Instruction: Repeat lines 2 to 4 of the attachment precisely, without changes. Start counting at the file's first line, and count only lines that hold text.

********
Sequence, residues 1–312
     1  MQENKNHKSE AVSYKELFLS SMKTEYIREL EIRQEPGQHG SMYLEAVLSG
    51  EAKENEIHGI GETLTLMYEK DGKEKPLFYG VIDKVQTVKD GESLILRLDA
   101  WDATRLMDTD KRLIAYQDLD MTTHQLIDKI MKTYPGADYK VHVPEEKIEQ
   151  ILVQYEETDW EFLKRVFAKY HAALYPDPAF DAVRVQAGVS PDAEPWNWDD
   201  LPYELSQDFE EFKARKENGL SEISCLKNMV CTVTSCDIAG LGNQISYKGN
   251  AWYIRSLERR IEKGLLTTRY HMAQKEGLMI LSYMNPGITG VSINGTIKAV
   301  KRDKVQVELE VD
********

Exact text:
     1  MQENKNHKSE AVSYKELFLS SMKTEYIREL EIRQEPGQHG SMYLEAVLSG
    51  EAKENEIHGI GETLTLMYEK DGKEKPLFYG VIDKVQTVKD GESLILRLDA
   101  WDATRLMDTD KRLIAYQDLD MTTHQLIDKI MKTYPGADYK VHVPEEKIEQ